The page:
But if “we” get to kill “their” intellectuals, the other side gets to kill ours. A world where men like Soros are dodging bullets would be one where Franklin Graham, Samuel Alito, and Steve Bannon are targeted, too. Assassinating people for their ideas is a sure way to start a horrific cycle of violence. It would be to strangle free debate, intellectual interchange, and everything else we value as heirs of the West.

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Here, then, I’d like to have a word with American neocons who are quietly disappointed that the strike on Alexander Dugin — quite possibly by those “heroes” in the Ukrainian government — did not succeed. Many of these same neocons have their fingerprints all over the U.S. war in Iraq, which was much more obviously unjustified, more fraudulently based, than Putin’s attack on Ukraine. It wasn’t on a neighboring country trying to join a hostile military alliance. Instead we attacked a weak, faraway nation our government falsely suspected of developing chemical weapons. It unleashed total chaos, a genocide of Christians, and more than 600,000 deaths, according to Lancet magazine.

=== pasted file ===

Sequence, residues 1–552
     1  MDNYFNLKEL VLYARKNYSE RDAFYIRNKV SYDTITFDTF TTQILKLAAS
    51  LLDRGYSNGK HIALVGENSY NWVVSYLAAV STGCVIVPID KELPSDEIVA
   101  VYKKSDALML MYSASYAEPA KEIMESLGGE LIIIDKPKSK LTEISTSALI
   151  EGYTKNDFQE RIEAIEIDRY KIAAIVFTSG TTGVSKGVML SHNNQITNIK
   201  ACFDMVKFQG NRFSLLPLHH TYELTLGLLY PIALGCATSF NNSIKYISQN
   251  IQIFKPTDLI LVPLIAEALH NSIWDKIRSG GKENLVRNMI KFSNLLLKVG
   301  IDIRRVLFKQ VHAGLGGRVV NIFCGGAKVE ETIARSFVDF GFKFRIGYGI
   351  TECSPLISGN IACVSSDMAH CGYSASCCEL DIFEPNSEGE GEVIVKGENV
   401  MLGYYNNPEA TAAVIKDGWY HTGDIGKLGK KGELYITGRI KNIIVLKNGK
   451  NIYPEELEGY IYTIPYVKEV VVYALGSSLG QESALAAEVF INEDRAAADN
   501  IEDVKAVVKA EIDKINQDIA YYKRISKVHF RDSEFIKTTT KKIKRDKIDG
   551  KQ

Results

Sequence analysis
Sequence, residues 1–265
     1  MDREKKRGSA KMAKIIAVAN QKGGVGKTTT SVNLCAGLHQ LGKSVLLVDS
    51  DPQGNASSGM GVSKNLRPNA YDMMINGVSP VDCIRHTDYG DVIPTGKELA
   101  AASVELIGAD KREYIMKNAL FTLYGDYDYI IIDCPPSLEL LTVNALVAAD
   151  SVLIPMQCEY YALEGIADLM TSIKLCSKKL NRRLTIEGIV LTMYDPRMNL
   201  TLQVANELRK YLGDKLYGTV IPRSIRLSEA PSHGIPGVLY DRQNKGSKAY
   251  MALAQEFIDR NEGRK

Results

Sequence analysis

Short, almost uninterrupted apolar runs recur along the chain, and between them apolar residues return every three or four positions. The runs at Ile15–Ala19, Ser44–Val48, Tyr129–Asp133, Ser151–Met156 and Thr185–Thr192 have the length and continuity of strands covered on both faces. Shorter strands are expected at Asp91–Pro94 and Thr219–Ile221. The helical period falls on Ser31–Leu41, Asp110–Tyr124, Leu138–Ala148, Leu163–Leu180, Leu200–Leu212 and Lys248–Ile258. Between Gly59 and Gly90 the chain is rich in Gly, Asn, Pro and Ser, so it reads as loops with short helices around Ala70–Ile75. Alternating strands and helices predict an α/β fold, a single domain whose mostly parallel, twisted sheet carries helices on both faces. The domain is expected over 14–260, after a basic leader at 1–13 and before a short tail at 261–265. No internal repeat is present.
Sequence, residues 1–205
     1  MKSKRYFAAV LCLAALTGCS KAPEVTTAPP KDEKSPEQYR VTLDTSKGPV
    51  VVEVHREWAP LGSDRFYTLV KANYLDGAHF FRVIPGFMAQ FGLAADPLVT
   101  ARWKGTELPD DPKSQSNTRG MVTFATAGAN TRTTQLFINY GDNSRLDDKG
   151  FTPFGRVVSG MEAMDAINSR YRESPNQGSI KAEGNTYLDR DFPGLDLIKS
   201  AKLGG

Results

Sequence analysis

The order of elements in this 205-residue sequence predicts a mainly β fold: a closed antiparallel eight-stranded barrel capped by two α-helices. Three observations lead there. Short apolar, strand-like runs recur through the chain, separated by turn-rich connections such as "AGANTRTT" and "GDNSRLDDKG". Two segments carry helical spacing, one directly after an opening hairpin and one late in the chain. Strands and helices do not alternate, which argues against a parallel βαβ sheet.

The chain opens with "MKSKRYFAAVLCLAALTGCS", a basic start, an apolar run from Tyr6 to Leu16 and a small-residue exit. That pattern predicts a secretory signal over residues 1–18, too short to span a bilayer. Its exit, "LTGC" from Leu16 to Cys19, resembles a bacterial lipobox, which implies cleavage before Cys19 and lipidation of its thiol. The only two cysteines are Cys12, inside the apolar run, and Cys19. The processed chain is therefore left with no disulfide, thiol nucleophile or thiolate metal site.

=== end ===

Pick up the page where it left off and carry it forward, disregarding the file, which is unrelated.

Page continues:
Should the thinkers who pushed the Iraq war be subject to the Alexander Dugin treatment? Here I speak of people from William Kristol and David Frum to Max Boot and Jonah Goldberg, and many more. The answer is clearly no. I don’t want such people targeted, however deadly their ideas. But if they endorse a world where civilians with warmongering agendas are fair game for car bombs … they might not like the outcome.

 

John Zmirak is a senior editor at The Stream and author or co-author of ten books, including The Politically Incorrect Guide to Immigration and The Politically Incorrect Guide to Catholicism. He is co-author with Jason Jones of “God, Guns, & the Government.”